NACOGDOCHES, TX (KTRE) - East Texans looking to get their sweet tooth fix at the annual Sugarcane Festival in Nacogdoches will have to find another way.
City officials have been forced to cancel this year's event after the crop failed to develop. The festival has been held the second weekend of every January at the Durst Taylor Historical home since 2009.
"It's one of those things," Nacogdoches Assistant Historical Site Manager Jessica Sowell said. "If the crop fails then the event goes with it."
Sowell said the staff at the Durst Taylor house has known for a while that the cancellation was a possibility.
"We harvested what we had in November before the first frost and we freeze it and put it up until January," Sowell said. "We got just enough to use for seed for next year, so we started looking around. We were kind of hustling around town trying to figure out if anyone had any we could press or if anyone had anything they could donate. We then realized recently that we exhausted our resources and would have to cancel."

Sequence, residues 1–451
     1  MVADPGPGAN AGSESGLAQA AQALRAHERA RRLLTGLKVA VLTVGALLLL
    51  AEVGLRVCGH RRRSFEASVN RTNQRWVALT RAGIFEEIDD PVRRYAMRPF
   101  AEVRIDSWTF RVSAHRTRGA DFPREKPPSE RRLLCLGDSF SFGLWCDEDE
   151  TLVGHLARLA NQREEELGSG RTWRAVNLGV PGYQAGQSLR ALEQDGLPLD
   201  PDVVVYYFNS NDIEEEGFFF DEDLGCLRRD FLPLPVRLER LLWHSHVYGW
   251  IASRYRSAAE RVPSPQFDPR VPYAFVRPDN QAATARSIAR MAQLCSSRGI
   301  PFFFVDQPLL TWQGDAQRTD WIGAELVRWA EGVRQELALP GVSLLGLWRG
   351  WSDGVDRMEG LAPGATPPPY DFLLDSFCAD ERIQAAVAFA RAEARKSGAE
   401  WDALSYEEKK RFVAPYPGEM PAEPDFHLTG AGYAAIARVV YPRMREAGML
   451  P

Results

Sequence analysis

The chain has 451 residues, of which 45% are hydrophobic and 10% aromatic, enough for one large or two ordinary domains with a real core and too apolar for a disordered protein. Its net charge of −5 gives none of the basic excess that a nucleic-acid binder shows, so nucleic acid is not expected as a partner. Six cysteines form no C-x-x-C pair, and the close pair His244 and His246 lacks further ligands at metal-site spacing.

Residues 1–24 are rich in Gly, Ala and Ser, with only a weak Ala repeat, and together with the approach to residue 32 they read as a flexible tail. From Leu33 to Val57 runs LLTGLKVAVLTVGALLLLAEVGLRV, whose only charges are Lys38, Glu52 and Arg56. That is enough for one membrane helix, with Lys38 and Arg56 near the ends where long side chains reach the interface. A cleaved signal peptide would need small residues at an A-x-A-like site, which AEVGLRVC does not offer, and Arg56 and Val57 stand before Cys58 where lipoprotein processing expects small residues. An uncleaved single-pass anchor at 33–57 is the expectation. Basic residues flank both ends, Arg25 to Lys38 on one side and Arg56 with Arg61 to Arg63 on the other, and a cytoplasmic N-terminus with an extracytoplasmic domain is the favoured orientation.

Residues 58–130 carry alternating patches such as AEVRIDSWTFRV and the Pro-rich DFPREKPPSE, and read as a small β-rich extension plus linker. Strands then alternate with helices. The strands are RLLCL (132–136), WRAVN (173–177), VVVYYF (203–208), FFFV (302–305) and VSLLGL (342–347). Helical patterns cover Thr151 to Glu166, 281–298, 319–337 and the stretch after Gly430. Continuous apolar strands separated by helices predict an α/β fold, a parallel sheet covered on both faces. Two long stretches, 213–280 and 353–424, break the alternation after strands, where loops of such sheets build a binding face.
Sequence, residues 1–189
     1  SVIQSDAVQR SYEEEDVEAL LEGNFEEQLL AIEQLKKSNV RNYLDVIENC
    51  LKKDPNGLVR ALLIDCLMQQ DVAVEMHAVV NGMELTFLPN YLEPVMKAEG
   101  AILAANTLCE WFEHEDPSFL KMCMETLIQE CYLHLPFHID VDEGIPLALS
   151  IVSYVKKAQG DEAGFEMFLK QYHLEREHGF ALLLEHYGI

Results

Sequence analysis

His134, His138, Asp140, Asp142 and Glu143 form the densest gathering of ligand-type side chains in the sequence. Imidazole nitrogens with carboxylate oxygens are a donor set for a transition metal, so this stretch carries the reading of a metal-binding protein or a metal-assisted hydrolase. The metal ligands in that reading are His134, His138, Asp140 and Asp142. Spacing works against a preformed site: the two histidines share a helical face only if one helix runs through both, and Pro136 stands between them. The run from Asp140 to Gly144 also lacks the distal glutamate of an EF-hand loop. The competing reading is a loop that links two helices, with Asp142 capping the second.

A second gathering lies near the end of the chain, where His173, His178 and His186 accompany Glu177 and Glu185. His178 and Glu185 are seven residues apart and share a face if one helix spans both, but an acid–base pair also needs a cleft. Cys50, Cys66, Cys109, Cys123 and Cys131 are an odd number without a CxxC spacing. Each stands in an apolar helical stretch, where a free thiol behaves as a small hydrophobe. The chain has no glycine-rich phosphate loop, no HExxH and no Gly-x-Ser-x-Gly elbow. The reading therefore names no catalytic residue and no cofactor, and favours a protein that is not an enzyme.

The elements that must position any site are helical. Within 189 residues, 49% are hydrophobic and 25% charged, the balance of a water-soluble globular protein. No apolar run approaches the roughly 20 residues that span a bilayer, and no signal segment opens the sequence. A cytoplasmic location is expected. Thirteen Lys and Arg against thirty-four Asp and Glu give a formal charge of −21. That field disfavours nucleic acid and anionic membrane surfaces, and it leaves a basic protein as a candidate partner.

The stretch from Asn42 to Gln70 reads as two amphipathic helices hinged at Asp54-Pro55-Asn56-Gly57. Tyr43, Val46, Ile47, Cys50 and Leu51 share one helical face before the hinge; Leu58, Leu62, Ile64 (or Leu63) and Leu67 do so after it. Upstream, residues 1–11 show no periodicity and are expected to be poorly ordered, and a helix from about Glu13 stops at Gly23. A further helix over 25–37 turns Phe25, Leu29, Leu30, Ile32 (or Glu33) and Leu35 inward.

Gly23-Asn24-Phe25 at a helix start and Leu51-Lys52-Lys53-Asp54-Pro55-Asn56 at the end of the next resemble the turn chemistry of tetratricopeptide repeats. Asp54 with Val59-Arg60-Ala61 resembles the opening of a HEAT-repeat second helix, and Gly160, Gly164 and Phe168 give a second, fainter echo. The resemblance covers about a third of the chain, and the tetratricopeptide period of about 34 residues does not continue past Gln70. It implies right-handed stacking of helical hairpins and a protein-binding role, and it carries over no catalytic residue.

Sowell said the Sugarcane festival is important because it was a staple of the Nacogdoches area in the 1800s.
"Farmers would have grown this in the 1800s," Sowell said. "It was their only form of sugar. It was an easy crop to do. You could grow a lot depending on the square acreage you had. It was very important to our economy. If your crop failed then you could go to a neighbor and buy some or trade for some. Unfortunately for us, we are one of the few that still does it so we had limited options."
Sowell said her staff is still investigating the reason of the failure and said it could be one of several factors including the record amount of rain the city saw back in May and June.
"It could be several factors that lead to this," Sowell said. It could be too cold. too much rain, or not enough rain. Our weather this year has been kind of crazy. At the same time it could be that this plot of land that we have has sucked all the nutrients out because we have grown cane from it for several years, or just pure bad luck."
Sowell said the site will still be open this weekend just without the sugarcane demonstration. Sowell hopes luck is on their side for next year. The staff has plans to redo the sugarcane crop and start over in the garden.